Stelle in Philo gesucht

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Sascha John | Forum Activity | Posted: Mon, May 8 2017 1:40 AM

Hallo 

kann mir jemand sagen welches Werk das ist ich find die Stelle weder im Internet noch in meinem Logos Philo

Philo de profug IV, 262 sqq.

Danke

Sascha

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ilian | Forum Activity | Replied: Mon, May 8 2017 4:46 AM

Sascha John:

kann mir jemand sagen welches Werk das ist ich find die Stelle weder im Internet noch in meinem Logos Philo

Philo de profug IV, 262 sqq.

Hi Sascha, kannst du etwas über den Kontext sagen? Das könnte bei der Suche helfen...

"de profug."sollte m.E. "De Profugis" (Περι φυγαδων - über Flüchtlinge) heißen. Das kann ich jedoch nicht richtig einordnen. Ich bin kein Philo-Kenner...

Aber "IV, 262" könnte folgendes Zitat sein:

"What of Moses? Is he not everywhere celebrated as a prophet? For it says, “if a prophet of the Lord arise among you, I will be known to him in vision, but to Moses in actual appearance and not through riddles” (Num. 12:6, 8), and again “there no more rose up a prophet like Moses, whom the Lord knew face to face” (Deut. 34:10)."

Philo. (1929–1962). Philo. (F. H. Colson, G. H. Whitaker, & J. W. Earp, Übers.) (Bd. 4, S. 417). London; England; Cambridge, MA: William Heinemann Ltd; Harvard University Press.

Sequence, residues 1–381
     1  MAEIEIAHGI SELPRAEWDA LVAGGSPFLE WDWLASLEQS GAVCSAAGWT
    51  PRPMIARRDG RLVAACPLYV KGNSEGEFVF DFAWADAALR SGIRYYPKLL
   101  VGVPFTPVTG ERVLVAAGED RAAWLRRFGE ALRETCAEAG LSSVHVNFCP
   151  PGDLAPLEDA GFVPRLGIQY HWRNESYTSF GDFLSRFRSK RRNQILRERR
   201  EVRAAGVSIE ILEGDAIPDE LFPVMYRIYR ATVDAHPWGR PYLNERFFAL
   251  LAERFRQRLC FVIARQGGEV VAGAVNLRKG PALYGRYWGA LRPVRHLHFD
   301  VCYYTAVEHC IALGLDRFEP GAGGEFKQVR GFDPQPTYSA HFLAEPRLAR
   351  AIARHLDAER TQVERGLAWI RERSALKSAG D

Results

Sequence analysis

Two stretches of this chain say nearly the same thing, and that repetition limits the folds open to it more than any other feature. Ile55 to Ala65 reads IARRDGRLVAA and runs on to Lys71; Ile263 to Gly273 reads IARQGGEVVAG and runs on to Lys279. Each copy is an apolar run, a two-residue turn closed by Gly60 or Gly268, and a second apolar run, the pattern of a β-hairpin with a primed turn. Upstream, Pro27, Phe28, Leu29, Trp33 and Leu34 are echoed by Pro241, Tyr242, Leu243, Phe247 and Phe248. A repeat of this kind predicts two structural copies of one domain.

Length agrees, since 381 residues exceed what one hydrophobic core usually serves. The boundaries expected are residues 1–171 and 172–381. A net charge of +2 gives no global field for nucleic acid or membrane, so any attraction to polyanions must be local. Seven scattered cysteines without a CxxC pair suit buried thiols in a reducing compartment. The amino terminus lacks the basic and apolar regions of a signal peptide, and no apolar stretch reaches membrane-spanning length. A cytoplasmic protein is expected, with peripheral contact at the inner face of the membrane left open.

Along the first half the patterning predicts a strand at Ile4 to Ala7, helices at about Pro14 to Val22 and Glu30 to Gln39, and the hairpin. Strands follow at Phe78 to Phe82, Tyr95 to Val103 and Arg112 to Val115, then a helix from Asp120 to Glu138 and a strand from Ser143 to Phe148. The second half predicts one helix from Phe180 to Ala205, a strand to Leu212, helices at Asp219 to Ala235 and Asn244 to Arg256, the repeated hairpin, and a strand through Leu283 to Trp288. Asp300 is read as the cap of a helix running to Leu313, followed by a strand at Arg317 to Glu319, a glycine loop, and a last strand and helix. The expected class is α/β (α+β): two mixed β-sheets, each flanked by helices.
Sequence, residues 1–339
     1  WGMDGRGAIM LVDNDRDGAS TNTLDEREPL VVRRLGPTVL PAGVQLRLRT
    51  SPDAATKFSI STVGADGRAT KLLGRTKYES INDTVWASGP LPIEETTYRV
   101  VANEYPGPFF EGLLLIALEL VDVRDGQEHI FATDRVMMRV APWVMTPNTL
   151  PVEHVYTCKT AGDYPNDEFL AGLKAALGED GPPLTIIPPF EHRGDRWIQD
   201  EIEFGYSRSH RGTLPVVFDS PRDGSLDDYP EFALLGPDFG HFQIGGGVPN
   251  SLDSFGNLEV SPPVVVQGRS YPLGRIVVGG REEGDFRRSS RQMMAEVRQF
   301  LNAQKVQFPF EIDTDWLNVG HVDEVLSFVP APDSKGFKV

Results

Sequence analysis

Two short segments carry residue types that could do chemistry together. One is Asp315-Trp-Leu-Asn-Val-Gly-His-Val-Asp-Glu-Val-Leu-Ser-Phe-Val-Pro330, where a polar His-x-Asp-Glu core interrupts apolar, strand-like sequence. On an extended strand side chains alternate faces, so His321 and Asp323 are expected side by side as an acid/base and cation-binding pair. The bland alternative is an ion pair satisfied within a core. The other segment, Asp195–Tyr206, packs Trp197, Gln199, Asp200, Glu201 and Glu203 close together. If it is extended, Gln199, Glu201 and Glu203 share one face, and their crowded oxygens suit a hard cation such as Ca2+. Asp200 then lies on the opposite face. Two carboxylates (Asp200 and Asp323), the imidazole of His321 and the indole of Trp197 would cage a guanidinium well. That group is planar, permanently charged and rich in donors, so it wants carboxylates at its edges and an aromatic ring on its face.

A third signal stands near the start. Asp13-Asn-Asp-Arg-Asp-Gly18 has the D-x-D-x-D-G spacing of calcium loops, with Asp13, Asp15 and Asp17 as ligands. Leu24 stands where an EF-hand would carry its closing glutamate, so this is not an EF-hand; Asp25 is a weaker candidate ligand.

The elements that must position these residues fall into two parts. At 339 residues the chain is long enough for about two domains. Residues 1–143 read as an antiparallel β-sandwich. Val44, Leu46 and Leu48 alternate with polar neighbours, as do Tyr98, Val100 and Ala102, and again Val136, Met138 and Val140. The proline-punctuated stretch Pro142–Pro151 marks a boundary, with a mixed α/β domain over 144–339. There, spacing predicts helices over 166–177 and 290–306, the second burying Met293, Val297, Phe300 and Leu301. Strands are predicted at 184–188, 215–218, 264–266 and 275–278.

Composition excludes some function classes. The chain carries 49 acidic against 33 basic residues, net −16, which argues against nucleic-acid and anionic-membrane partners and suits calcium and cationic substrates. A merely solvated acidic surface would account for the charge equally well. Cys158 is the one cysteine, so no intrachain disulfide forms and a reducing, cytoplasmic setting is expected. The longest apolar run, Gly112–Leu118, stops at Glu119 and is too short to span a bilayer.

τί δὲ Μωυσῆς; οὐ προφήτης ᾄδεται πανταχοῦ; λέγει γάρ· “ἐὰν γένηται ὑμῶν προφήτης κυρίου, ἐν ὁράματι αὐτῷ γνωσθήσομαι, Μωυσῇ δὲ ἐν εἴδει, καὶ οὐ διʼ αἰνιγμάτων,” καὶ πάλιν “οὐκ ἀνέστη ἔτι προφήτης ὡς Μωυσῆς, ὃν ἔγνω κύριος αὐτὸν πρόσωπον πρὸς πρόσωπον.”

Philo. (1929–1962). Philo: Greek Text. London; Cambridge, MA: William Heinemann Ltd; Harvard University Press.

Passt das zum Kontext?

Posts 2851
Sascha John | Forum Activity | Replied: Mon, May 8 2017 9:33 AM

Danke Illian

Es geht um die Freistädte bei Ambrosius Flucht vor der Welt. Er bezieht sich auf Philo. Deine Vermutung mit der Übersetzung.

[1][[On Flight and Finding 94–96 >> https://ref.ly/logosres/philo;ref=WorksOfPhilo.Fug_94-96;off=256;ctx=are_six_in_numbers._~Perhaps_we_may_say_t]]  | The Works of Philo 
„Perhaps we may say that the most ancient, and the strongest, and the most excellent metropolis, for I may not call it merely a city, is the divine word, to flee to which first is the most advantageous course of all. (95) But the other five, being as it were colonies of that one, are the powers of Him who utters the word, the chief of which is his creative power, according to which the Creator made the world with a word; the second is his kingly power, according to which he who has created rules over what is created; the third is his merciful power, in respect of which the Creator pities and shows mercy towards his own work; the fourth is his legislative power, by which he forbids what may not be done. […]

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